Informe haciendo prioridad a la educación en la agenda de desarrollo post 2015
Informe haciendo prioridad a la educación en la agenda de desarrollo post 2015
Informe haciendo prioridad a la educación en la agenda de desarrollo post 2015
Informe haciendo prioridad a la educación en la agenda de desarrollo post 2015
Informe haciendo prioridad a la educación en la agenda de desarrollo post 2015
Informe haciendo prioridad a la educación en la agenda de desarrollo post 2015
Informe haciendo prioridad a la educación en la agenda de desarrollo post 2015
Informe haciendo prioridad a la educación en la agenda de desarrollo post 2015
Informe haciendo prioridad a la educación en la agenda de desarrollo post 2015
Informe haciendo prioridad a la educación en la agenda de desarrollo post 2015
Informe haciendo prioridad a la educación en la agenda de desarrollo post 2015
Informe haciendo prioridad a la educación en la agenda de desarrollo post 2015
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Haciendo prioridad a la educación en la Agenda de Desarrollo Post-2015: Informe de la Consulta Global Temático sobre Educación en la Agenda de Desarrollo Post-2015 proporciona los resultados y los mensajes que fueron aportadas durante las consultas sobre la educación, la co-dirigidos por la UNESCO y el UNICEF, así como los antecedentes de la situación mundial para el desarrollo de la educación.

El resultado de estos debates incluye un vistazo a lo que se ha logrado desde la puesta en marcha de los Objetivos de Desarrollo del Milenio en 2000, las lagunas y las prioridades que deben abordarse para entregar a los niños de educación y los jóvenes necesitan para el futuro y recomendaciones de avanzar en el año 2015 y más allá. Reconoce la estrecha visión del acceso a la educación, concediendo que debe abarcar el acceso posterior a la secundaria, sin embargo, debido a dificultades financieras, esto puede ser difícil de lograr. Resumen : La educación de previsión en la Agenda de Desarrollo Post-2015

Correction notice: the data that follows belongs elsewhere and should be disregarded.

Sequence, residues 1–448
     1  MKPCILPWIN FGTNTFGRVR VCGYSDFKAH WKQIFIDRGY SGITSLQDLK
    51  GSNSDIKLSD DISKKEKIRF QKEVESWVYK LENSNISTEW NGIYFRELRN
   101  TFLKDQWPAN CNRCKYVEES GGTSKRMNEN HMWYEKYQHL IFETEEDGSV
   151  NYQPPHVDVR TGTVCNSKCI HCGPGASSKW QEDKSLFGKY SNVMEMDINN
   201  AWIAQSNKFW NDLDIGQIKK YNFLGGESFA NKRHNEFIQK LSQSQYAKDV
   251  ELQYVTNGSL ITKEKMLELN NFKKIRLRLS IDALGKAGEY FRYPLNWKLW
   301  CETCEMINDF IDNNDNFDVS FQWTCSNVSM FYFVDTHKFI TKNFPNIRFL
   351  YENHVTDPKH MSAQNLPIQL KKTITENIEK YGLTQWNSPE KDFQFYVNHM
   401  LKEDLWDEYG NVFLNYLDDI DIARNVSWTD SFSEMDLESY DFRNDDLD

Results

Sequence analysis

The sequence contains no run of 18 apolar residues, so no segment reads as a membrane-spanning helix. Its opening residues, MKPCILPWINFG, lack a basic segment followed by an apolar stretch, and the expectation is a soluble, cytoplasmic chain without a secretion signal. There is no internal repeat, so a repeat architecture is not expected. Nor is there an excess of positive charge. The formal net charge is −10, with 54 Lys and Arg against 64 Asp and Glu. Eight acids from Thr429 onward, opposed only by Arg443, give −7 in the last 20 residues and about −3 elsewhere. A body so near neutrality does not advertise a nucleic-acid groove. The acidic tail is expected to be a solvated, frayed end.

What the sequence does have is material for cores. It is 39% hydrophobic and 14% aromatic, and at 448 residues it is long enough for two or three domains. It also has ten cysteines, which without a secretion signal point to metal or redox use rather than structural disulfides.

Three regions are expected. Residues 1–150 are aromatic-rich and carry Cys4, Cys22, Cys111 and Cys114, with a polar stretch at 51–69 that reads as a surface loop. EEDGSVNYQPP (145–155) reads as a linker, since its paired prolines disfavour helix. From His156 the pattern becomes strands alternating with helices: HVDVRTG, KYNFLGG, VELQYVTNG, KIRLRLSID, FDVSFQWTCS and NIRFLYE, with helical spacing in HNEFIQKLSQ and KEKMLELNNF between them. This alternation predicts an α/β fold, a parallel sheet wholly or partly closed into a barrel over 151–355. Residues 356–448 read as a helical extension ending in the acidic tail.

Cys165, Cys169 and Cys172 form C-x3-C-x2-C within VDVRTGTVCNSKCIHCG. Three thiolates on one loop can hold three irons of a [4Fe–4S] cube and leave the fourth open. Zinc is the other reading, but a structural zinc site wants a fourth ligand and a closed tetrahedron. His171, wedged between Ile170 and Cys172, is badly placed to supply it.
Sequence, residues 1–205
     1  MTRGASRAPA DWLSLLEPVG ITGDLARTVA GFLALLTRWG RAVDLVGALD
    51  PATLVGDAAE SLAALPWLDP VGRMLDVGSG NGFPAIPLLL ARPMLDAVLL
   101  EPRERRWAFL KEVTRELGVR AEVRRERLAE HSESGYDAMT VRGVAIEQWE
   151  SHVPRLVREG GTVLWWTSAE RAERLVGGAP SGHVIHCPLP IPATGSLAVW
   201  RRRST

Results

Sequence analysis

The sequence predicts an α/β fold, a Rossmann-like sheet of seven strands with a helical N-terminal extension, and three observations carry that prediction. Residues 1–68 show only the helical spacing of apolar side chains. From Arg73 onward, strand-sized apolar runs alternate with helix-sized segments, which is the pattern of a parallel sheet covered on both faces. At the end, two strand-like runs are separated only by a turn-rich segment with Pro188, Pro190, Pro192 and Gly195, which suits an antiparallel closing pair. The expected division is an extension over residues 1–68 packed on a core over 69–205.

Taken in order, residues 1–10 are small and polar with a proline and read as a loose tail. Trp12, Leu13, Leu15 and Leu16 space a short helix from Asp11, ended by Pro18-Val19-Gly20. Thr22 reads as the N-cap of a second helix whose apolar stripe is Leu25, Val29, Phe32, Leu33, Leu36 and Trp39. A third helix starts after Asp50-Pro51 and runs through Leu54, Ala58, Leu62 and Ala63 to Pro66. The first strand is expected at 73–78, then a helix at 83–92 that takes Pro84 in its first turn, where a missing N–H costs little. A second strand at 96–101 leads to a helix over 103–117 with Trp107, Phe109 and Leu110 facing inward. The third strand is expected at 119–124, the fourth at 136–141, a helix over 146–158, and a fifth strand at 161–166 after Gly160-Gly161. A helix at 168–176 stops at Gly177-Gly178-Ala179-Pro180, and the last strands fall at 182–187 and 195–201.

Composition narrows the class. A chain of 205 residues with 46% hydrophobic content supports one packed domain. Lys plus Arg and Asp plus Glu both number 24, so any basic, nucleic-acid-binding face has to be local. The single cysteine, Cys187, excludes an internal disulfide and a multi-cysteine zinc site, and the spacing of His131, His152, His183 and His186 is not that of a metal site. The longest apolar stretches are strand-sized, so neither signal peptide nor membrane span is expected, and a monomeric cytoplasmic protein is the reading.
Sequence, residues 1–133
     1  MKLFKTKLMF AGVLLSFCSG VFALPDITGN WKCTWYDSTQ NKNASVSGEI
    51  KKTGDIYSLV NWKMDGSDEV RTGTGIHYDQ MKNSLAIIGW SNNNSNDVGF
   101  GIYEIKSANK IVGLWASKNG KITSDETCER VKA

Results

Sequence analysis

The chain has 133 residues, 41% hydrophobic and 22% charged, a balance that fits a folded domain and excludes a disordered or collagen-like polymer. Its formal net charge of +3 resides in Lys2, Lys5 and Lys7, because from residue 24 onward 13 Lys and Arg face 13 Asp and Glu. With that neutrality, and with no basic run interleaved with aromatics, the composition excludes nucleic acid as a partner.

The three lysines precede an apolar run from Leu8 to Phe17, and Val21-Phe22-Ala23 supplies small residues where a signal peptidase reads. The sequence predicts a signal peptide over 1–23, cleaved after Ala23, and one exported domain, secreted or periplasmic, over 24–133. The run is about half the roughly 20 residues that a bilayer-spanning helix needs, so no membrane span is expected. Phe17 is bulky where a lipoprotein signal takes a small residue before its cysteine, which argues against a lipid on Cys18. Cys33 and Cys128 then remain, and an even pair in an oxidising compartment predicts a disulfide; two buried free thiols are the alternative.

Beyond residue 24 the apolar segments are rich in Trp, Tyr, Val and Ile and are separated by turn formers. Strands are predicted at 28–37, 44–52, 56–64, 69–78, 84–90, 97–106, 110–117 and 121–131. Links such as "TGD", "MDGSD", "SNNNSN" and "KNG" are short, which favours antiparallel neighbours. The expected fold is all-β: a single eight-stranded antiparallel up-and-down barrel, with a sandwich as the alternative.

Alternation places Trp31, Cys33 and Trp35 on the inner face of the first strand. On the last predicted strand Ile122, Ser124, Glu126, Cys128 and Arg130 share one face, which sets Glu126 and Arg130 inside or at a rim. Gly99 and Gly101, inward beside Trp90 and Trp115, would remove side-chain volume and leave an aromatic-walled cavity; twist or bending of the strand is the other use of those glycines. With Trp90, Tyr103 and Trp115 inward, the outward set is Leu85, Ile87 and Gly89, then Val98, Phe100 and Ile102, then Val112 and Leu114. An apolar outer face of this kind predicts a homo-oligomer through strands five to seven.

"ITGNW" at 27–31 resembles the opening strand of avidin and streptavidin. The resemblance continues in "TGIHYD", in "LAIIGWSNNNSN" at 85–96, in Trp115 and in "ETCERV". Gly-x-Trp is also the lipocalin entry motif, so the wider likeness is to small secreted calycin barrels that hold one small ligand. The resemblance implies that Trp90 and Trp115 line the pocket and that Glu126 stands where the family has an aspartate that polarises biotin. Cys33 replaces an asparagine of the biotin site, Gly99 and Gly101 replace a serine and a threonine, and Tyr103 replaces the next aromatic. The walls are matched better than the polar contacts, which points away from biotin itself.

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Informe haciendo prioridad a la educación en la agenda de desarrollo post 2015

  1. 1. MAKING EDUCATION A PRIORITY IN THE POST-2015 DEVELOPMENT AGENDA Report of the Global Thematic Consultation on Education in the Post-2015 Development Agenda ED-13/EFA/POST-2015/1
  2. 2. Acknowledgements The Global Thematic Consultation on Education in the Post-2015 Development Agenda was co-led by the United Nations Educational, Scientific and Cultural Organization (UNESCO) and the United Nations Children’s Fund (UNICEF) with support from the Governments of Senegal, Canada and Germany, and from the William and Flora Hewlett Foundation. This report was written by Yusuf Sayed, an independent consultant, with inputs from the Advisory Group of the Global Thematic Consultation on Education, including: Education International, Global Campaign for Education, Global Partnership for Education, Inter-Agency Network for Education in Emergencies, Oversees Development Institute, Organisation for Economic Cooperation and Development, and the World Bank; International Labour Organization, United Nations Development Programme, United Nations Population Fund and World Food Programme; and the Youth Advocacy Group of the Global Education First Initiative, established by the United Nations Secretary-General. Special thanks are extended to the Brookings Institution for hosting and facilitating a consultation with the private sector. In addition, the core team thanks the participants of the global and regional meetings and all the contributors of the four e-discussions and online public commenting processes for providing their valuable comments. This report is a reflection of their voices. The core team also expresses gratitude to the Government of Senegal for hosting the Global Meeting of the Thematic Consultation on Education in the Post-2015 Development Agenda, held 18–19 March 2013, in Dakar. © United Nations Educational, Scientific and Cultural Organization (UNESCO) September 2013 © United Nations Children’s Fund (UNICEF) September 2013 Disclaimer: This report is based on and reflects an extensive global public consultation held September 2012–March 2013. Its content and recommendations do not necessarily reflect the views and positions of UNESCO, UNICEF, the United Nations, the Government of Canada, the Government of Germany or the Government of Senegal. Moreover, this text has not been edited or fact-checked to official UNICEF publications standards, and UNICEF accepts no responsibility for errors. For more information, contact: Jordan Naidoo Olav Seim Senior Adviser, Education United Nations Children’s Fund (UNICEF) Education Section, Programme Division 3 United Nations Plaza New York, NY 10017, USA www.unicef.org/education jnaidoo@unicef.org Director of the EFA Global Partnerships Team United Nations Educational, Scientific and Cultural Organization (UNESCO) 7, place de Fontenoy 75352 Paris 07 SP, France www.unesco.org o.seim@unesco.org ii